Caps to be imposed on training funding
The amount of government money that goes into funding apprenticeships and training schemes is to be limited following the unprecedented level of take-up among employers.
The Learning and Skills Council (LSC) is currently in discussion with training providers over the present scale of public funding but it has said that the huge demand from employers for help in improving workplace skills has meant that caps have to be imposed on how much money is available.
In a letter to training providers, the LSC wrote that the increases in demand for training were very encouraging, particularly at a time of economic downturn, but added that “left unchecked, Train to Gain and 25 Apprenticeship activity will exceed the budget allocations we have available in the 2009-10 financial year and create further pressures in the 2009/10 academic year and beyond”.
John Denham, the Skills Secretary, has endorsed the capping: “It is good news that companies across England are maintaining their productivity and planning for their future by training their staff. We are providing nearly £1 billion of investment this year through Train to Gain to support them. However, no budget is unlimited and it is important that we manage government spending properly.”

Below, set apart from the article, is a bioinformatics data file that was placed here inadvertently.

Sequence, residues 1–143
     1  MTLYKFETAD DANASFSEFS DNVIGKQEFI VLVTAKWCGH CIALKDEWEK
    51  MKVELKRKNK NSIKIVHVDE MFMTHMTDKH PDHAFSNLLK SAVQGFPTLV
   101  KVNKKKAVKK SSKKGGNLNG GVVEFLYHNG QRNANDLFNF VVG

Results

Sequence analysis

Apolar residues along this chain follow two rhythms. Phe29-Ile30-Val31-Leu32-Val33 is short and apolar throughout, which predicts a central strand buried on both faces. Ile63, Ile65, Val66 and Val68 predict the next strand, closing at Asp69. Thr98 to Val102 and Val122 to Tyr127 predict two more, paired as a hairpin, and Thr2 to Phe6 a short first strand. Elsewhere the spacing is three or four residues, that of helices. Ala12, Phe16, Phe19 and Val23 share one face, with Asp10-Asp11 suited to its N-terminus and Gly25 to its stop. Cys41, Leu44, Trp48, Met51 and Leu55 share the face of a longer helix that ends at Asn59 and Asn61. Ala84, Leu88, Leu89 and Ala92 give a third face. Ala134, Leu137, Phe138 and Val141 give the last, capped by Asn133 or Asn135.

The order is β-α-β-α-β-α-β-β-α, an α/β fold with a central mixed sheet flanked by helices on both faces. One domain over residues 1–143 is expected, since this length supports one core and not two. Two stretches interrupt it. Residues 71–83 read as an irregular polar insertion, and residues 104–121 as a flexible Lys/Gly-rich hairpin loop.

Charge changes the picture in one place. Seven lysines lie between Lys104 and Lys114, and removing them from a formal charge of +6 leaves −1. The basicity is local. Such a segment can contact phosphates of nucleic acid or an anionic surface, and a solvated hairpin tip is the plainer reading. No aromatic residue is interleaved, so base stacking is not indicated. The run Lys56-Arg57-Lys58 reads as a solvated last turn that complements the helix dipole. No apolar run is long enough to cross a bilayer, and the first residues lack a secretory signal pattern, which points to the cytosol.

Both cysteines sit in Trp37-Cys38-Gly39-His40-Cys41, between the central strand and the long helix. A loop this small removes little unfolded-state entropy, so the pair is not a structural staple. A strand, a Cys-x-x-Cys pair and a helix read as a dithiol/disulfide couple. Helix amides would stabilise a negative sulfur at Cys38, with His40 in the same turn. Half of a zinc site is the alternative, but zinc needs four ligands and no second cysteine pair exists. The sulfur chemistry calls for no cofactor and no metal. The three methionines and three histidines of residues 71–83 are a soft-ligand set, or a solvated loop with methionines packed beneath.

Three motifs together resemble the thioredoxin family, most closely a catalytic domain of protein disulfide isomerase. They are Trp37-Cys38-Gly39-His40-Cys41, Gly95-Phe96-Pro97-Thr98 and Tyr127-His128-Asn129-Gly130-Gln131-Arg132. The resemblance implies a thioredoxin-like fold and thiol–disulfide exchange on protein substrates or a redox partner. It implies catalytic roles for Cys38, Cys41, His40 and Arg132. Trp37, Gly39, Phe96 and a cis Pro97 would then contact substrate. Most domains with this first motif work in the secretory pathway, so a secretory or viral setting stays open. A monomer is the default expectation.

The Department for Innovation, Universities and Skills confirmed that talks between the LSC and training providers were taking place, although it insisted that the Train to Gain scheme, which is the government’s flagship skills programme, will not be put at risk by the funding restrictions.
A spokeswoman said: “The Train to Gain budget is not being cut, but increased demand means that we are reverting to the normal practice of asking providers to work within maximum contract values for the rest of this academic year.”
Nevertheless, the British Chambers of Commerce (BCC) voiced worries over the implications for investment in workforce skills.
The business organisation argued that the LSC’s ongoing message that it was imperative more firms invest in training, especially during a recession, had meant that large numbers of training providers recruited heavily amongst employers.
Now, the BCC said, there is a risk that some of those providers will not receive funding and will have to turn away employers who want to take part in apprenticeship schemes and the Train to Gain programme.
David Frost, the BCC’s director general, added: “Employers understand that investing in training is crucial, especially during a downturn. However, a failure in government accounting means many who seek public funding will be disappointed to find that the taps have been turned off.
“With training providers now having to turn away employers who wish to train their staff, many are asking how the LSC could have so badly taken its eye off the ball?”